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Concerning a particular effect

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Quinn Aubke
Concerning a particular effect
on Apr 17, 2018 at 5:39:53 pm

so, i go to film school in Sweden - and we are about to make our graduation films.
I have only worked with AE once and this is my opportunity to learn a bit more about it.
What i need in one scene, is someone holding a Rubik's Cube, which falls into all of it's pieces in that persons hand.
The camera will be hand hold. (actually, it will sit on a glidecam - but the point is, that it probably will be moving side to side a little bit - if that is important.)
Does anyone have a tip for me? No need for really detailed explanations - i know how to use google.
Thank you in beforehand! :)

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Daniel Waldron
Re: Concerning a particular effect
on Apr 18, 2018 at 4:56:51 pm

This is ambitious effect for anyone not very skilled at After Effects. I recommend shooting on a locked down tripod to take camera tracking out of the equation. You can add some slight fake camera movement in post after if that's important. You will still need to motion track your actor's hands. You can probably create and animate your own Rubik's cube using the Element 3D plugin or the free Create3dShapes script. Compositing it to look realistic with shadows and lighting will be extremely tricky though.

Not sure what final effect your going for is, but shooting a practical effect may be, well, more practical.

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Steve Bentley
Re: Concerning a particular effect
on Apr 18, 2018 at 8:20:36 pm

Just so you can see what you are getting into, here's how it normally done:

3D model of rubics cube.
3d model or scan of the persons hand (low poly hand may be enough - whether you need this element or not depends on the shot)
High quality hand held footage of actor with empty hand (usually with tracking markers). (re high quality: the larger and closer to uncompressed the footage is the better the track)

3D track the hand and the world.
Rotoscope the fingers that cover parts of the cube and make a matte.
Remove the tracking dots from the live action hand.
Bring the camera solve from the 3D tracker into the 3D package and set up your "world" to include the 3D hand and rubics cube and correct lighting. Generate a reflection map that corresponds to the world and the hand.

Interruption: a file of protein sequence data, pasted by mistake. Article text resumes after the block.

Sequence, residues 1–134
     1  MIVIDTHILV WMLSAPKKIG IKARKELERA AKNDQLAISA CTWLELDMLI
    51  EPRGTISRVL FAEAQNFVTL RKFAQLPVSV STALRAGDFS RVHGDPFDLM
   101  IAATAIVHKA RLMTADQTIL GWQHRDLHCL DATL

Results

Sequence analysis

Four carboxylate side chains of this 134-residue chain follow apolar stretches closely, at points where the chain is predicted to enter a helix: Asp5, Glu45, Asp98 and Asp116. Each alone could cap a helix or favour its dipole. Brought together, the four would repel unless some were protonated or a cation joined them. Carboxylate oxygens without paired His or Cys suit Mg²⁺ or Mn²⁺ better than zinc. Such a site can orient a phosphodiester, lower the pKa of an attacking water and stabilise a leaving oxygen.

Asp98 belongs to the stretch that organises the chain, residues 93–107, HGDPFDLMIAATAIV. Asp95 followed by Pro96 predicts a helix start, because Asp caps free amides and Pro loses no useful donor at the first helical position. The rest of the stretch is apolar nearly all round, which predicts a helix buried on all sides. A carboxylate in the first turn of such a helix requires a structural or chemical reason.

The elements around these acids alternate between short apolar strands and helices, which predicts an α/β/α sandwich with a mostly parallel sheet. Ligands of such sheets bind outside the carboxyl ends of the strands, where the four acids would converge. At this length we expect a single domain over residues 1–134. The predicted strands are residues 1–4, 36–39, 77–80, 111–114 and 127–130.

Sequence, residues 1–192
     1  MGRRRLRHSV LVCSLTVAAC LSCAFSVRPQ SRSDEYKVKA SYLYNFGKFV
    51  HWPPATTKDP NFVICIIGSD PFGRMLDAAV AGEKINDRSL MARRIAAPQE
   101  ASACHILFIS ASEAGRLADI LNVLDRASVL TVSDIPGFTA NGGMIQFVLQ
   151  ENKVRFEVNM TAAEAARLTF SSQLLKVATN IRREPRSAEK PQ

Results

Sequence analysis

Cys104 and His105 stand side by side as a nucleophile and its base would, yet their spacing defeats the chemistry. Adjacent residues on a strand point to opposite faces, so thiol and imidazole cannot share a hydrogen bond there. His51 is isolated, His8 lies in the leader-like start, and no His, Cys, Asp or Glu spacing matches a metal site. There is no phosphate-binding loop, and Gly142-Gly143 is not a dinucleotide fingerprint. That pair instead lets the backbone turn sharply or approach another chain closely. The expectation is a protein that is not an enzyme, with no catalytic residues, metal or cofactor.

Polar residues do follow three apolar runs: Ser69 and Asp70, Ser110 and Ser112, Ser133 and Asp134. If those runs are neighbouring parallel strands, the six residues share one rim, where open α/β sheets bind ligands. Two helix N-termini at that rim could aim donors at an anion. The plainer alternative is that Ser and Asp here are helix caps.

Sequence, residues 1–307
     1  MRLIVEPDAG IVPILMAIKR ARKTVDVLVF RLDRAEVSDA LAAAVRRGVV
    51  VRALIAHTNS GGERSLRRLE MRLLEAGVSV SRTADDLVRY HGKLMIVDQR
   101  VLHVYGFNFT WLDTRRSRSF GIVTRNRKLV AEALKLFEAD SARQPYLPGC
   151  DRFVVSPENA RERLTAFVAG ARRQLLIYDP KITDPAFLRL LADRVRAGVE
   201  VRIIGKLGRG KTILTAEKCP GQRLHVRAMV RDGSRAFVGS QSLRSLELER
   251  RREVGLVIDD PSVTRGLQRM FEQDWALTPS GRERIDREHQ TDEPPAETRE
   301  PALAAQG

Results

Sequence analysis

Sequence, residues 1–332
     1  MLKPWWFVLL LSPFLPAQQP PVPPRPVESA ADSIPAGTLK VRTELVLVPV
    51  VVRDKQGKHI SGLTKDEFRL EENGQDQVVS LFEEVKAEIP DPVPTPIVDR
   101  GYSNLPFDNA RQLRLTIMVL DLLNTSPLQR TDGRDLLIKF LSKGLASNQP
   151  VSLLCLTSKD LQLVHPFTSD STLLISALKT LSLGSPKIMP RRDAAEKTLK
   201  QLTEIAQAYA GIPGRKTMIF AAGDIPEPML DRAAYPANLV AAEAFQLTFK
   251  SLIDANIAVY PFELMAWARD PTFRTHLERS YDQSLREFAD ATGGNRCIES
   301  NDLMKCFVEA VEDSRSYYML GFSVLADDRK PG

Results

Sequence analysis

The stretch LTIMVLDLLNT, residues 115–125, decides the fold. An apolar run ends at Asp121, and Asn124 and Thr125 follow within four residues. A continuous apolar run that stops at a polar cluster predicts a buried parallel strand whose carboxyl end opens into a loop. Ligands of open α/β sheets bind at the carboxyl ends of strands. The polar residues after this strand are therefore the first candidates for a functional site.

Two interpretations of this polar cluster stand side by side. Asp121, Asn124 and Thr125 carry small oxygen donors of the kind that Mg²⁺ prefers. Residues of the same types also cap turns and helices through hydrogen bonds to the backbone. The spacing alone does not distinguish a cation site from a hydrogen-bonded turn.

Match move the 3d hand model to the actors movement. This may involve more than just matching the motion, often you will have to animate the hand (finger flexing etc) to match.
Attach the movement of the hand to the rubics cube and then animate the rubics cube if it does more than just sit in the hand. Run a dynamics simulation (or animate by hand) to have the rubics cube fall apart, with the sub cubes of the larger cube interacting with each other - this requires a physics engine and rigid body simulations and some gravity.
Turn off the 3D hand and render 3D rubics cube element with alpha channel, depth of field channel, motion blur channel and a shadow pass channel.
Composite the 3D elements onto the 2d shot, using the rotoscoped element to mask out obscured parts of the cube in the hand and the shadow pass element. Add a little frame by frame hand paint to fix anything that needs it (its gonna happen)
Color correct elements so they match.

Adding a 3D element into a 2D shot is hard but gets exponentially harder when it has to be: in contact with a human, a moving human, a moving human and a moving camera.
A few years ago, we(and a few other companies) were asked to replace a baby doll in a movie with either a CG baby or a real one, where the main actor holds and cradles the doll. There was no amount of money they could have offered where we would have said yes. The baby doll remains in the movie. If elements had been shot to accommodate such an effect it would have still been hard, but as it was.....

What you need to do is very doable, but its not for the faint of heart, assuming it has to look real.

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